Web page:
On the road to superpower status
Saban has LSU well on its way to becoming one of nation's elite
Posted: Friday July 30, 2004 11:39AM; Updated: Friday July 30, 2004 11:39AM
BIRMINGHAM, Ala. -- LSU head coach Nick Saban said he was able to enjoy his team's 2003 national championship until about 3 a.m. the night of the Tigers' Sugar Bowl victory over Oklahoma.
"By then, I started worrying about how many agents were in the lobby, who's staying and who's going, who we have to go after as recruits, etc., etc.," he said. "There is always plenty to do, and if you lose sight of things, it affects your ability to have success in the future."
Judging by his comments at this week's SEC media days, Saban seems to be consumed with the future. And why shouldn't he be? Delivering LSU its first national championship since 1958 was only the first step in the mission he embarked on upon arriving in Baton Rouge, La., four years ago. Next up: Trying to turn the Tigers into the next Miami or Florida State, Ohio State or Oklahoma, the kind of elite program you expect to see at or near the top of the polls every season.
All indications are that LSU is headed in that direction. After five years of staggering recruiting hauls, the Tigers' roster is loaded with as much talent as any of the aforementioned powers. Seven members of last year's title team were drafted, and the scouts are already drooling over potential 2005 prospects, such as defensive end Marcus Spears, corner Corey Webster and center Ben Wilkerson.
But Saban has never been one to take anything for granted. In addition to the expected blocking and tackling drills, bench presses and wind sprints, much of his players' preparations for the coming season have dealt with the mental aspect of handling success.
"We did not deal with that success very well in 2001 [when LSU upset Tennessee for the SEC title], and it affected us in 2002 [when the Tigers went 8-5]," Saban said. "Why do the mighty fall? Complacency. But there's also an element of a sophomore jinx. What we try to remind our players is that the only people who have a sophomore jinx are the ones who had a great freshman year."
The Tigers broke through to the upper echelon last season on the strength of an utterly dominant defense, one that led the nation in points (11.0 per game) and yards (252) allowed. Seven starters from that unit return, including pass-rusher extraordinaire Spears, lock-down cover corner Webster and hyperactive linebacker Lionel Turner.
But, the two cogs in LSU's stellar D, tackles Chad Lavalais, a consensus All-America, and Marquise Hill, have since departed for the NFL. The disruptive Lavalais occupied blockers and made it nearly impossible for teams to run up the gut, while the athletic Hill made life miserable for passers, tipping several of Heisman winner Jason White's passes in the Sugar Bowl. The good news is, LSU rotated as many as eight defensive linemen last season, so experienced replacements are waiting in the wings. The bad news is, they have to live up to a pretty high standard.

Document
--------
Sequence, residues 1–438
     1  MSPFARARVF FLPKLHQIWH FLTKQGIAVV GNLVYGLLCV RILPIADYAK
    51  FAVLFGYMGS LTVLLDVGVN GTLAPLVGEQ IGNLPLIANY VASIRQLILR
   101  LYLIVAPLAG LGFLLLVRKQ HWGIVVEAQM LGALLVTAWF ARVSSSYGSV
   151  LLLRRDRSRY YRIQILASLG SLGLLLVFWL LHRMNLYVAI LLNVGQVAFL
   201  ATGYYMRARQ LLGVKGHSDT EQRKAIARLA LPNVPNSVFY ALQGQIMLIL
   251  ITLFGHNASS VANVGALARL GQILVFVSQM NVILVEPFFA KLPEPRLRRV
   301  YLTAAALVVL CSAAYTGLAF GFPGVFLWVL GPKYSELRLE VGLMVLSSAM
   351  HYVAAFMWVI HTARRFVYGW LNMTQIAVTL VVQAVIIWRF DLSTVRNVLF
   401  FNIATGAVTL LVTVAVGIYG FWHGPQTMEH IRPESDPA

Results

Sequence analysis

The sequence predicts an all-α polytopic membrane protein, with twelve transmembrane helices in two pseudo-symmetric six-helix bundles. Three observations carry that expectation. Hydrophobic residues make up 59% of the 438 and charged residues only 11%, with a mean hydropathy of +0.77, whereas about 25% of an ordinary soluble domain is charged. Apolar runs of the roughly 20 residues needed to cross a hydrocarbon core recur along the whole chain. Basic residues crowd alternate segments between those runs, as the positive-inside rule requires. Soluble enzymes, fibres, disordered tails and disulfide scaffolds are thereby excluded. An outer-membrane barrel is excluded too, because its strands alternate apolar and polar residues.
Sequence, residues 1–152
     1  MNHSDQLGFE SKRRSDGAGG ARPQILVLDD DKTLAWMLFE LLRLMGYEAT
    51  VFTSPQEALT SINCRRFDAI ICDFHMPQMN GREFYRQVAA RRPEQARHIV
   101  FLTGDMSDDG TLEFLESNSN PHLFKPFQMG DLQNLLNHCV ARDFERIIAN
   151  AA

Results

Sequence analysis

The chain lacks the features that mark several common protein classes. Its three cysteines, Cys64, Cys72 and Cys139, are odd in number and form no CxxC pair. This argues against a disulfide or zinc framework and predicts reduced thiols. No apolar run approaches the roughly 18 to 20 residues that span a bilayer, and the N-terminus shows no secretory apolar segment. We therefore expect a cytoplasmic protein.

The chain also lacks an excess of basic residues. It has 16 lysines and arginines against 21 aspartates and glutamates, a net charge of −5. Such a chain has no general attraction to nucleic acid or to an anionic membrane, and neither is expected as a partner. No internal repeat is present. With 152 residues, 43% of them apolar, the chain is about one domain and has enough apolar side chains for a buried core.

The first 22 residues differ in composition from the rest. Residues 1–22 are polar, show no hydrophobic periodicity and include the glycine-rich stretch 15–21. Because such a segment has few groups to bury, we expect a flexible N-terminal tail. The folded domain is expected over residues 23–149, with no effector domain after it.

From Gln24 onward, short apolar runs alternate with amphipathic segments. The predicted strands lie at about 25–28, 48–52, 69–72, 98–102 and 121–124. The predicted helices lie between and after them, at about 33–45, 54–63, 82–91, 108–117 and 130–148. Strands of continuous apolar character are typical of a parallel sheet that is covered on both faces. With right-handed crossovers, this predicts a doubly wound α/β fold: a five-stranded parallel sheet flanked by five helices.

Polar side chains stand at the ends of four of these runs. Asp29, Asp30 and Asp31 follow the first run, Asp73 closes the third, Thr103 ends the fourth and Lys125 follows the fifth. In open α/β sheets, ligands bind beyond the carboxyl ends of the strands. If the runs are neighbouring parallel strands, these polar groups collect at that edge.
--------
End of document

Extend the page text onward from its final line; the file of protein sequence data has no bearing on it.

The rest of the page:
"We lost two great players who were part of a dominating front," Saban said. "Young players are going to determine the depth and quality of the kind of defensive team we're going to have."
Offensively, the Tigers have a huge question mark at quarterback, where senior Marcus Randall and redshirt freshmen JaMarcus Russell and Matt Flynn are vying to replace the vastly underrated Matt Mauck, who went 18-2 as a starter. Whoever gets the job, however, will be surrounded by a wealth of weapons, including last year's breakout freshman running back, Justin Vincent, big-play receiver Skyler Green and an experienced offensive line led by Wilkerson and tackle Andrew Whitworth.
On paper, LSU has the same amount of questions as any of the other expected title contenders. And yet, when the preseason Coaches' poll was released Friday morning, the Tigers were ranked third, behind both their co-defending champion, USC, and the team it beat in the title game, Oklahoma. Perhaps more insulting, SEC media didn't even pick LSU to repeat in its own conference, opting instead for a Georgia team the Tigers beat twice last season.
If Saban is using the spites as motivation, he's not saying. On the contrary, he seems determined to draw on last season's accomplishments as little as possible.
"Last year was a mountain climb -- we were fortunate to be able to plant the flag at the top of the mountain and win the national championship," Saban said. "This year, we have won zero games. We are at base camp at the bottom of the mountain looking up at the climb. And it will be very difficult."
If all goes according to Saban's plan, however -- and assuming he doesn't eventually live up to the rumors and bolt for the NFL -- LSU will soon be one of those teams that gets at or near the top of the mountain year-in and year-out. It's a tall chore for a program that had won just two SEC championships in the 30 years prior to Saban's arrival, but considering the Tigers now have won two in the past three seasons, clearly a different kind of era is dawning in Baton Rouge.
"We have a special program right now," Wilkerson said. "Coach Saban has done a lot of great things with the program both on and off the field. We're bringing in great guys each year, and we have the national championship to show for it."
Stewart Mandel covers college sports for SI.com.